There is talk today about the possibility of the US removing Iran’s Islamic Revolutionary Guard Corps from its list of designated foreign terrorist organizations, which would be an important victory for Tehran despite its previous ability to circumvent the restrictions on the IRGC with great flexibility.
Strangely, US Secretary of State Antony Blinken has stressed that Iran — meaning the IRGC — was behind the attacks launched by the Houthi militia on Saudi Arabia and the UAE, which targeted oil installations, power and water stations, and civilian residential areas alike. So will he still reward Tehran by removing the IRGC’s terrorist designation, just as this administration did before with the Houthi gang in Yemen, or will he keep it intact?
The US last year removed the Houthis from its terror list despite the fact the militia had turned against the people and government of Yemen and eroded the identity of the state. It has also carried out terrible crimes inside Yemen, from recruiting children to stealing aid and systematic assassinations, while rejecting all attempts at mediation. It has humiliated the people to the point of depriving them of health treatment and educational services. The terrorist Houthis have also allied themselves with Al-Qaeda via a deal to release the latter’s leaders who were detained in Yemeni prisons. This confirms that what links terrorist organizations is not doctrinal thought, as they delude people into thinking, but rather the intersections of their interests.
We know that the Houthi leader does not make his own decisions and that he is acting according to an Iranian agenda that dictated the recent attacks, despite them reinforcing the justifications for the group’s redesignation by the US.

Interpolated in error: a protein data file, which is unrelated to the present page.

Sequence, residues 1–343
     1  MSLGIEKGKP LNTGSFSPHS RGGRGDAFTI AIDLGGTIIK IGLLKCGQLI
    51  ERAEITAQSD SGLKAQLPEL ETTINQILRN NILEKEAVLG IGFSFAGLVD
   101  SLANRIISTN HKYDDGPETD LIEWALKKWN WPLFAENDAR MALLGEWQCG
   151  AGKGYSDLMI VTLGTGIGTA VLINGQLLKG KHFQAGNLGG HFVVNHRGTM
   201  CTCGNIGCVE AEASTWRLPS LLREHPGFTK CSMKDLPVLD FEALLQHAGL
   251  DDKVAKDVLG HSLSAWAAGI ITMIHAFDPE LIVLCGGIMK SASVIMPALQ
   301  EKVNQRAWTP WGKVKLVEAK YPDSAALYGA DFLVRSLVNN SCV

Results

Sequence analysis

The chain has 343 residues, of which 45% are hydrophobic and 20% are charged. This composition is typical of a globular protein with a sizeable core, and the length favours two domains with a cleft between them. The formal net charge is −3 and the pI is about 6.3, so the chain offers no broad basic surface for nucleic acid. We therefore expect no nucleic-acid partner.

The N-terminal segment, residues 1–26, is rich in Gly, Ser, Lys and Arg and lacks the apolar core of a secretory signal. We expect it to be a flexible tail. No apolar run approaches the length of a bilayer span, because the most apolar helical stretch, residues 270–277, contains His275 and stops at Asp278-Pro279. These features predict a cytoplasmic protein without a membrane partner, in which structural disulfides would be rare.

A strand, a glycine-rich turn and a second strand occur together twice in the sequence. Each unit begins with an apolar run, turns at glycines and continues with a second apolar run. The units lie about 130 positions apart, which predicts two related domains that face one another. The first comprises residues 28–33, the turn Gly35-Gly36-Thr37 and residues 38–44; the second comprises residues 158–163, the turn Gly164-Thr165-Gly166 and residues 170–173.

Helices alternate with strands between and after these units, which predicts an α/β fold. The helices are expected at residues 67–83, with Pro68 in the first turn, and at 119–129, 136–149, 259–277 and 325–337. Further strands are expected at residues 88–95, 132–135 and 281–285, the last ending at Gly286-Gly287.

Iran is gambling with its allies, such as the Houthis, and with its military components, such as the IRGC, because it sees this as an acceptable risk to take in return for the political and moral investment it achieves in causing a dispute between Washington and its traditional allies. The Iranians are now observing the tense course of Saudi-US relations and are trying to exploit this and even aggravate the relationship further to achieve the goals of their sabotage project. Tehran wants to try and exploit the US administration’s rush to achieve a nuclear agreement at any cost.
Therefore, through the Houthi escalation against Saudi facilities, the Iranians are trying to invest in deepening the Riyadh-Washington tension and show the Americans to be an unreliable ally. They are also telling the Americans that it is necessary to lift its sanctions against the IRGC. In the event that the Revolutionary Guards are removed from the terrorist list, Iran will have achieved an imaginary victory at home.
Iran continues to say that America does not stand with its allies, that it will not offer a response to those who attack them, and that it establishes a sharp separation between its interests with its allies and its interests with its opponents.